Wallen, you're right, I did a couple weeks back - I got really burned up seeing their marketing literature. I decided to pull the article and spend some time with the product to see if maybe I was missing something, and then spend a bit more time and write up a more formal review. So I did, and here it is. Thanks much for your thoughts!
Wallen (not verified)
on Sep 17, 2010
Gah! I wish one could edit comments!!!

Another typo...

"anwhere from deploying PCTechs to do inplace software upgrades"

Should be:

"anwhere from not deploying PCTechs to do inplace software upgrades"

Wallen (not verified)
on Sep 21, 2010
Oh... and I guess I should post a disclaimer.

I do not personally know Don, nor do I work for any of the places that he has produced learning products.

I guess you can call me a fan of his work, since it has helped me out immensely.

So, my recommendation of one of his products is completely from my personal opinion (and personal experience), as an easy way to get started with Powershell. I'm not some marketing shill... so take my opinion for it for whatever you think it is worth.


Thomas (not verified)
on Sep 21, 2010
The deployment part is not true. When you set up a login script, you get a boot thing that copies the engine to the users appdata directory before executing the script. It does say that too in the very first section on the vendors home page.
Peter (not verified)
on Sep 21, 2010
Hi Wallen

Thank you VERY much for your hints!

I checked the product out. I get your point, but honestly, can any of us really write a bit synchronizer in vbscript or powershell without using a third party util? Let’s say for the sake of argument that graphical interfaces are easy with powershell, could we create the same graphics ourselves? And the price, it’s actually extremely cheap for small companies. I can probably get one day of training for the number of licenses I would need.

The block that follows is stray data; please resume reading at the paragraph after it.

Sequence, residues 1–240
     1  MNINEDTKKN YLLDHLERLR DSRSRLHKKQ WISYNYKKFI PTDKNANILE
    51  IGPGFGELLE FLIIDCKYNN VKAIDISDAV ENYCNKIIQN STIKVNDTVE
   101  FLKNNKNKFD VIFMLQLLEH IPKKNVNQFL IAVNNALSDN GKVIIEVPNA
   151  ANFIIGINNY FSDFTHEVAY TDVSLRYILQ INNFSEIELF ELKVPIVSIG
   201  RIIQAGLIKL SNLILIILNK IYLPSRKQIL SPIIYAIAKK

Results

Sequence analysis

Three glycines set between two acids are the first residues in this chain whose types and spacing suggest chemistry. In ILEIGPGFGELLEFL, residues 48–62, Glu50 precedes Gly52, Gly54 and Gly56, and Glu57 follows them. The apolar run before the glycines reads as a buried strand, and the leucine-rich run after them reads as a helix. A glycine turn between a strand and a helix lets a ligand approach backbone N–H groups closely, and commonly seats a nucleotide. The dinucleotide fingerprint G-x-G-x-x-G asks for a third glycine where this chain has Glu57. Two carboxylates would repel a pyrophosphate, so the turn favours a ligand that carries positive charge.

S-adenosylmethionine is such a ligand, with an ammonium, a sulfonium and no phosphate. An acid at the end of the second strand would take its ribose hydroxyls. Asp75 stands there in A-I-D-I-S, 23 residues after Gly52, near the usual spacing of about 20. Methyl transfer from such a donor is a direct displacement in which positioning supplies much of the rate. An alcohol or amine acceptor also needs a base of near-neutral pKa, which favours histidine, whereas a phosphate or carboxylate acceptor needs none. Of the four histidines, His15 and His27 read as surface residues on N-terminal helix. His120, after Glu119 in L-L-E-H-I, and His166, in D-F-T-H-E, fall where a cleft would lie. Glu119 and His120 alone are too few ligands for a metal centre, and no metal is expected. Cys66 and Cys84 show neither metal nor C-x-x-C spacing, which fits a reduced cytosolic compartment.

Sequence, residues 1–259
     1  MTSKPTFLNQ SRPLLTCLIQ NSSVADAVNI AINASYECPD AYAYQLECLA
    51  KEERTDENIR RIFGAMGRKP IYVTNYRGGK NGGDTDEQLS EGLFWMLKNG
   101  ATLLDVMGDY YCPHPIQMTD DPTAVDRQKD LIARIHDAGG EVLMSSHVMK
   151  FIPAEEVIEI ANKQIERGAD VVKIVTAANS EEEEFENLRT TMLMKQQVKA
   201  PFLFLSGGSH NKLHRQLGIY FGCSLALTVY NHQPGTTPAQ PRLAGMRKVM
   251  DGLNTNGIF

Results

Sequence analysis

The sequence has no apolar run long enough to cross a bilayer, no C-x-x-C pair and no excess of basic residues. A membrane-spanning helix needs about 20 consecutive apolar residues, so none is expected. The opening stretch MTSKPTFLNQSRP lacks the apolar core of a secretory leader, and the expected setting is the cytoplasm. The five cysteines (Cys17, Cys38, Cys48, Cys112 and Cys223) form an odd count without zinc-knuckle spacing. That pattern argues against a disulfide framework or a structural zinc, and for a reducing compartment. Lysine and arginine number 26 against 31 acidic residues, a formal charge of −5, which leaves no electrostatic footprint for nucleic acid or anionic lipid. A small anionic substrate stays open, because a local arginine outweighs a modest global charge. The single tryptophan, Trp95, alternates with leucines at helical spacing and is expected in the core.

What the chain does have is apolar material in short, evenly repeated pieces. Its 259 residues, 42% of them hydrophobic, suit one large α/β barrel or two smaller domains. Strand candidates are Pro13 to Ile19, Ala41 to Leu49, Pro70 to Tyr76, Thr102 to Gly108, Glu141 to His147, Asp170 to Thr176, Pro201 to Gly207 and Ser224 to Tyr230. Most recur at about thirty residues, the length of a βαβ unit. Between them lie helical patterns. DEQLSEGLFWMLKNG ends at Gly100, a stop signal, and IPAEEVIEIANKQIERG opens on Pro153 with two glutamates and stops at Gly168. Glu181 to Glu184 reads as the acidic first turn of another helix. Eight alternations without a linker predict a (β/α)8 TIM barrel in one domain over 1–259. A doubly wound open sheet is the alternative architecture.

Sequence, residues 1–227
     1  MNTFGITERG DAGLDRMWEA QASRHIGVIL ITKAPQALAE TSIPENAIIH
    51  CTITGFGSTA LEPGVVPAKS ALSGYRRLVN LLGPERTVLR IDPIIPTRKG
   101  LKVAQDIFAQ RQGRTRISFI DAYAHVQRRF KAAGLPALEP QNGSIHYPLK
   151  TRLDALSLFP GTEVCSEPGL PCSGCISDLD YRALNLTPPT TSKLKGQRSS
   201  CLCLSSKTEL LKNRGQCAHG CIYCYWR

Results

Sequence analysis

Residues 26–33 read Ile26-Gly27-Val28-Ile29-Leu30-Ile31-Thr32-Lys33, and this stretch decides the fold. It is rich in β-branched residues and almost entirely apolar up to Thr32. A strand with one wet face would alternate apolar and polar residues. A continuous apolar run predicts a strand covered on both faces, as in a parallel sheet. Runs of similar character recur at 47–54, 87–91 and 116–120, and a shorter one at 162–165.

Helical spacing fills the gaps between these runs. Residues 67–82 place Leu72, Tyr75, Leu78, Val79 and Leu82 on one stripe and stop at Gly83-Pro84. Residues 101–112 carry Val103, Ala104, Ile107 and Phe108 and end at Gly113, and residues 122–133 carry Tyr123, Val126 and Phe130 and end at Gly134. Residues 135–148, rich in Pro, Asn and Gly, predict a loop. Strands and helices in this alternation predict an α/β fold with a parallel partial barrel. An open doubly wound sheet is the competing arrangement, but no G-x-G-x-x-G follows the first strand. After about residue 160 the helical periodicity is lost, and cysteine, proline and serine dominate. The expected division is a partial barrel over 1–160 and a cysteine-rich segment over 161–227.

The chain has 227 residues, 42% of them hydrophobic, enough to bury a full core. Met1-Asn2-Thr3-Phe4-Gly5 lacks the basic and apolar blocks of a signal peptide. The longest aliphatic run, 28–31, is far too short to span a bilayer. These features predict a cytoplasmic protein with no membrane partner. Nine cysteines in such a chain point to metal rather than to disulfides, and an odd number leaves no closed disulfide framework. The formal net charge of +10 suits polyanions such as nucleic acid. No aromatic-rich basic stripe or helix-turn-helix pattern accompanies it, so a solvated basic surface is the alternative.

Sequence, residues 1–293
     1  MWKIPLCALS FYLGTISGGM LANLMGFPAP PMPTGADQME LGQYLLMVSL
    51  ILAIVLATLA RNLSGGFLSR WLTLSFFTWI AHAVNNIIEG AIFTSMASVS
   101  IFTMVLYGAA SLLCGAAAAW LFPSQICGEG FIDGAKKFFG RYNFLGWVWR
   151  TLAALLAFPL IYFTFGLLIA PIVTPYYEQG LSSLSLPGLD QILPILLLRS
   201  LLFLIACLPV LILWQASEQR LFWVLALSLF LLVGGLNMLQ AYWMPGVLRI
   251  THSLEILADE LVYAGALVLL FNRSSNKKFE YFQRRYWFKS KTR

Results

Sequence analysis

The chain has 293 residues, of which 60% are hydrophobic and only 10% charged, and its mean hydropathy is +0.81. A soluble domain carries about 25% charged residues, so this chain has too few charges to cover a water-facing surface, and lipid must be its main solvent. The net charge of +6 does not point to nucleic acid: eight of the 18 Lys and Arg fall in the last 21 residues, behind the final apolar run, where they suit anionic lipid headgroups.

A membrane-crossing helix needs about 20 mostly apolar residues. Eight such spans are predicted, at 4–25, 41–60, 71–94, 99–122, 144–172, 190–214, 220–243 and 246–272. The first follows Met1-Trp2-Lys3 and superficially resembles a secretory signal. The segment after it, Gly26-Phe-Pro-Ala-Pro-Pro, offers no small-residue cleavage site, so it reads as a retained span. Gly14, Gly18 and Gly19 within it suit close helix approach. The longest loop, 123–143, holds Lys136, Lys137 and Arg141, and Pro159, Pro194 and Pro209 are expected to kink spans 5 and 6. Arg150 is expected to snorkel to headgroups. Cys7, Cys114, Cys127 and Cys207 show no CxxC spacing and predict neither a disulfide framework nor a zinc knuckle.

But. Powershell is free and it’s Microsoft. So I will give powershell a chance, but this product is nice, so that’s the backup plan.

on May 12, 2011

It is a bit off topic for posting here, but not sure how else to reach you.
In the article above you mention logon scripts being (largely) replaced or simplified by GPOs and GP Prefs, I have to say I disagree with that, specifically with some of the examples you cite. Having said that maybe I am missing something, you lood at this stuff all the time, I am just an admin in a small company so my time to evaluate these things is slim.

To provide one simple example, drive mappings in GP Prefs cannot be effectively used in my environment (and I suspect many others) if you want to be able to provide mappings when users log in to their local system not connected to the corporate network via software VPN for example. Since much like the call a "logon script" functionality in Windows the drive map function of a GP Pref process must occur at machine log on...WHY????!!!! I can use a script to map a drive anytime.